Nibbles HTB Writeup
Hi Everyone, today I pwned ‘nibbles’ machine on HTB.
Started with enumeration TCP ports and services. I scanned UDP ports simultaneously while enumerating further TCP ports but till then got a root access. We get back the following result showing that two ports are open:
- Port 80: running Apache httpd 2.4.18
- Port 22: running OpenSSH 7.2p2
As usual, searched on browser. However, no functionality were present so checked the page source where ‘/nibbleblog’ directory found.
By visting the nibbleblog directory on the target machines, I found at the bottom that it is powered by Nibbleblog. This is an indication that it an off the shelf software as apposed to custom software.
To confirm that, let’s google Nibbleblog which is nothing but an open-source engine for creating blogs using PHP which has previously reported vulnerabilities.
After that, I decided to run Gobuster to enumerate directories and find nibbleblog version number.
I found the nibbleblog version number in the ‘/README’ directory.
The important takeaways were that, it’s a code execution vulnerability. The vulnerability is in the “My image” plugin that allows the upload of PHP files. So it would allow us to upload a PHP reverse shell. As it’s an authenticated vulnerability which means that we need admin credentials before we exploit this vulnerability.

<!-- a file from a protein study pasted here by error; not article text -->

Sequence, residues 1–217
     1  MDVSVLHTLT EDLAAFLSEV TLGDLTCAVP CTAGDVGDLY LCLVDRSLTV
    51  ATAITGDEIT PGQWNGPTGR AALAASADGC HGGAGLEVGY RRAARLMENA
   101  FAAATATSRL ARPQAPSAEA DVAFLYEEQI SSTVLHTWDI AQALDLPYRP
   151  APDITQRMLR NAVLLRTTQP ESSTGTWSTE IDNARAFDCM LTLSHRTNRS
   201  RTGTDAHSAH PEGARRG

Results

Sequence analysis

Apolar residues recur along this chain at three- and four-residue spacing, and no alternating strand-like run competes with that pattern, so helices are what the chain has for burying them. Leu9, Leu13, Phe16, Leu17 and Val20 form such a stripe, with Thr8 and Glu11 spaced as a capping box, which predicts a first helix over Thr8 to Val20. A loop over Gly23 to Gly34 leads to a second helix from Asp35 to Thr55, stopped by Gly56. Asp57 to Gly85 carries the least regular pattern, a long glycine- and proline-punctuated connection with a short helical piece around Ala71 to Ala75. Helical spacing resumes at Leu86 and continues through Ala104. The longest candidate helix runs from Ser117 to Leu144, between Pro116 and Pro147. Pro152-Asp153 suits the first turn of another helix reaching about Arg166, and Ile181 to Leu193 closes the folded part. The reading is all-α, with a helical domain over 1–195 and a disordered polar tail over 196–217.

The ‘/admin.php’ were asking for a credentials so tried all the default password combination and password cracking tool but no luck. I spent most of the time here on this then tried ‘admin:nibbles’ and worked like a charm.
In the plugins functionality of the webpage, I found a file upload functionality so decided to modify and upload ‘php-reverse-shell’ file as ‘image.php’
The file was uploaded on the target server and can be found at below path and started a netcat listener.
I found a reverse shell and user flag :)
The below command was to check what privileges I have as nibbler user and found out that it is possible to run the script monitor.sh in the above specified directory as root without having to enter a root password.
Just to see what the script contains, I found out that the below file/directory does not exist that means I can create a new one with the same name and We simply echo
/bin/bash into the
> cat home/nibbler/personal/stuff/monitor.sh
After that, executed
sudo and get a shell as
Let’s do a root dance and thanks for reading. Happy hacking :)